This article is part of our special report Innovation and entrepreneurship.
The European Commission’s upcoming data initiative will establish open data as the paradigm “by default”, while allowing opt-outs only in restricted cases for commercial purposes, Commissioner Carlos Moedas told EURACTIV.com.
A new wave of entrepreneurs in fields such as health and energy efficiency have demonstrated the importance of data sharing ― not only for businesses, but also for research communities working to enrich innovation across Europe.
The work of some of them, like Norbert Kuipers, were recognised during the 2016 European Institute of Innovation and Technology (EIT) award ceremony on 25 April.
Kuipers, who runs a business turning waste heat into water, admitted the “positive experience” of working in an environment where knowledge is shared while experts and entrepreneurs cooperate along the process.
At the same time, the full disclosure of data generated in some industrial sectors could hamper the development of European digital companies that are already struggling to compete with US-based tech giants.
The European Commission wants to strike the right balance between the principle of open data to fuel innovation and the right to data ownership demanded by the manufacturing sector.
“The emerging issues of ‘data ownership’, reuse and access to data will have a great impact on the growth of data value chains in the quickly evolving markets in which the goods or services exchanged are data assets,” Commission spokesperson Nathalie Vandystadt told EURACTIV.com.
“Such data markets will have a potential to enhance innovation and competitiveness and lead to new business models in both traditional and new economic sectors,” she said.
In upcoming months, the executive will publish a free flow of data initiative to remove unjustified barriers to the movement of data. It will also seek to clarify legal aspects, as some existing regulations are not fit to handle the exponential growth of data and new technologies to exploit and “monetise” information.
Carlos Moedas, the EU Commissioner in charge of Research, Science and Innovation, said “the idea is that the free flow of data will be open by default”. But commercial ideas also need to be protected. Therefore, “there should be opt-outs for people to protect their ideas”, he added.
The Portuguese Commissioner explained that contractual agreements could be signed between two parties on a case-by case basis to fix the terms of access to data and its usage.
“But these opt-outs cannot be defined a priori and they have to be defined very carefully,” he said, adding his “ambition” was not to add as many opt-out options as possible.
The executive is currently assessing the flaws of existing rules and consulting with stakeholders on how to adapt the existing framework to the data age.
The aim is to clarify the contractual practices used by companies working in the promising field of data markets.
The European Commission is also looking at justifications for exclusive exploitation right to data and whether the open data paradigm can be expanded to data held by private companies.
Vandystadt explained that EU authorities are considering how to improve access to data owned by the private sector by passing new legislation or by other means.
“Actors within the nascent data value chains will need predictability and legal certainty in order to develop new business models, notably in the fields of cross-sectorial data aggregation, cross-sectorial data analytics, data trading, data brokerage or the pricing of data,” she said.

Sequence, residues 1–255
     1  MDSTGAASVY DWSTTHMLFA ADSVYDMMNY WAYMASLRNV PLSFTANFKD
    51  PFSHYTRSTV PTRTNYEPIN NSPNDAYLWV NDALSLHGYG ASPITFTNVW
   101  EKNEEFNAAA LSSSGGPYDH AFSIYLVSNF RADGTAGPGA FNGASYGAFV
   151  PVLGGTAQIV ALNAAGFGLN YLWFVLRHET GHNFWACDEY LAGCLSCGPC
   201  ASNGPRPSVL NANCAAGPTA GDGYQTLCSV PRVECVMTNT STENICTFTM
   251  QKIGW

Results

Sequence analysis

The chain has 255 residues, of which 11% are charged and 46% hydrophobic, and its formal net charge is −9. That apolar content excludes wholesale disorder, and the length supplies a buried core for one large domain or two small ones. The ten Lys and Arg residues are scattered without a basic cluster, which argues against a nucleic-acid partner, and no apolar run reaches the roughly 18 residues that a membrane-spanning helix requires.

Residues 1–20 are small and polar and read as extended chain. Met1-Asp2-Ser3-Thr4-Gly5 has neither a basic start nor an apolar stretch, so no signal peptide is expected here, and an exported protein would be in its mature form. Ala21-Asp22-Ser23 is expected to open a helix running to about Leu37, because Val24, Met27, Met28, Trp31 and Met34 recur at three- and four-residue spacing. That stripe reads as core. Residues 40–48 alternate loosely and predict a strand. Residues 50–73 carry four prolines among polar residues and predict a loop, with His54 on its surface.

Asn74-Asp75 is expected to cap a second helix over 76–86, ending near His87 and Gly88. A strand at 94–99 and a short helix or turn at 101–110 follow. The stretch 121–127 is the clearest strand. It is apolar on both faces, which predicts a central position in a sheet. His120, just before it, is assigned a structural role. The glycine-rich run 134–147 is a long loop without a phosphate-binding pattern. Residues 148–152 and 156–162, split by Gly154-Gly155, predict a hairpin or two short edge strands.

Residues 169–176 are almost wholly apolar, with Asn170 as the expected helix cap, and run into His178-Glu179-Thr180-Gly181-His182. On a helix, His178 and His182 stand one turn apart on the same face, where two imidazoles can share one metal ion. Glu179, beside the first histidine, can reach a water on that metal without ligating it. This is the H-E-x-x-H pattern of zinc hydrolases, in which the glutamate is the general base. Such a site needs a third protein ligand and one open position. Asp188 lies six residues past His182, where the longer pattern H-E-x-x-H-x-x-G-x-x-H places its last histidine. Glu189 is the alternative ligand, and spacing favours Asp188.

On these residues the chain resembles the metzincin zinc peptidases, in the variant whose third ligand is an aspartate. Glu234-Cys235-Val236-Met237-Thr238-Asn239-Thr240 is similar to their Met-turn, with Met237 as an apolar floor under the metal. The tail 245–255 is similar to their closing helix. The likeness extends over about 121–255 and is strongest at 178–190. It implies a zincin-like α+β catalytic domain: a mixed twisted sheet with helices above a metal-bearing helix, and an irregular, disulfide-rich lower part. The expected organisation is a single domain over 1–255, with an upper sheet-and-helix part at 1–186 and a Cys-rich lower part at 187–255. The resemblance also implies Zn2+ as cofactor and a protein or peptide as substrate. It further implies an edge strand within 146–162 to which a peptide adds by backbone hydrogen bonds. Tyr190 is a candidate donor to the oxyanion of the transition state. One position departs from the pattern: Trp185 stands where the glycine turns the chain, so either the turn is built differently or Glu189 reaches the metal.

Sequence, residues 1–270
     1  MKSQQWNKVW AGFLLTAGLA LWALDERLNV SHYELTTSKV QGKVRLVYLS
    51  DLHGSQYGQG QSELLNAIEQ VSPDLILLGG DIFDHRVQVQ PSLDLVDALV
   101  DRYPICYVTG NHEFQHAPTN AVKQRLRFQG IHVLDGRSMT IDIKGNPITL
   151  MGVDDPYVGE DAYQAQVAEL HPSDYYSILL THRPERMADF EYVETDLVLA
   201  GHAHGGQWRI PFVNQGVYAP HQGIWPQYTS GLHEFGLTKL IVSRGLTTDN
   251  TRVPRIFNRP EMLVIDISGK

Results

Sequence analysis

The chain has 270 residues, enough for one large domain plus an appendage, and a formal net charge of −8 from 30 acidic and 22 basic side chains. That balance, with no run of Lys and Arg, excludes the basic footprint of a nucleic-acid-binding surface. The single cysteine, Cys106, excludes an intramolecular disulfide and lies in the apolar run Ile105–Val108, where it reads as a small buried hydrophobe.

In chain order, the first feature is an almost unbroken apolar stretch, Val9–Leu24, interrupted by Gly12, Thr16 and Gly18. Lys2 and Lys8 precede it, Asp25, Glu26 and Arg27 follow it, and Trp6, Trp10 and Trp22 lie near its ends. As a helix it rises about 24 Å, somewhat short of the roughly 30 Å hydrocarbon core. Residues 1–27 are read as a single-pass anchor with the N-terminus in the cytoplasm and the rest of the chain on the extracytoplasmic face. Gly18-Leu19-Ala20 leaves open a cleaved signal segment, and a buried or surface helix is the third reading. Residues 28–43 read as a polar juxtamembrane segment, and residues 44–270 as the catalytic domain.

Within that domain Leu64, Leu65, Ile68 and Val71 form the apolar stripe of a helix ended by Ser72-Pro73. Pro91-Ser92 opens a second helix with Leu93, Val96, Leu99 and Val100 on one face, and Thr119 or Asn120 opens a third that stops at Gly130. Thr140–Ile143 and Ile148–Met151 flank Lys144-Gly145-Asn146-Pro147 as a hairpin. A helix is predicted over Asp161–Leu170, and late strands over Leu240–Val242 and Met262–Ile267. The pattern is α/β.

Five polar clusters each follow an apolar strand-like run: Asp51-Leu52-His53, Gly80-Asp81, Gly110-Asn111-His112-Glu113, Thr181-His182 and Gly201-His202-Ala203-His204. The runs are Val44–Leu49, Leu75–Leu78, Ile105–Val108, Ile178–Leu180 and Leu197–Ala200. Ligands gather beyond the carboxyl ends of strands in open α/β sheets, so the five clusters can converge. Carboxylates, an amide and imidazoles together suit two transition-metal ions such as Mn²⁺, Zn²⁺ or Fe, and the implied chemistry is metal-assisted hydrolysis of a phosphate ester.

The Commission intends to put forward this initiative in the coming months, although the date remains to be confirmed.
Moedas defended the open data paradigm on Monday (25 April) at the Hannover fair in Germany. “Future economic value, and future solutions to global challenges, will not come from keeping data locked away,” he said.
“For European industry to remain relevant in the digital age, we need to leverage data. We need to unlock its vast economic value. We need open data for open innovation,” he told the audience.
But the industry is also wary of any provision that could violate the economic interests or could lead to unauthorised uses of the data.
“A one-sided focus on ‘free data’ without taking the economic and competition-related value of data into account would be wrong and could lead to fundamentally incorrect orientation in industrial policy,” VDMA, Germany’s mechanical engineering association said in a position paper last January.
Other groups, on the other hand, argue that a restrictive stance on data sharing could harm the prospects of a growing market.
The first European Data Market study by IDC & Open Evidence estimates the aggregated value of data-related products and services exchanged within the EU at more than €50 billion, and is expected to rise to €111 billion in 2020 under high-growth conditions.
Meanwhile, data-driven innovation could have an impact of 4.7% of GDP in 2020 in Europe, up from 1.8% in 2014 (around €255 billion).
The European Institute of Innovation and Technology (EIT) celebrated its awards on 25 April. Florian Schneider, a Dutch entrepreneur and co-founder of Nerdalize, won the EIT Venture Award thanks to his breakthrough innovation to heat houses with computer power.
The Sweden-based Allen Ali Mohammadi got the EIT Change award for his accurate, non-invasive and inexpensive tool for the screening and early diagnosis of heart diseases (Hippogriff AB).
Dutch entrepreneur Norbert Kuipers, won the Innovators award thanks to the innovative system for using heat waste to generate water and indoor air conditioning.
On the same day, members of the European Commission presented recent proposals to digitise European industry at the Hannover fair.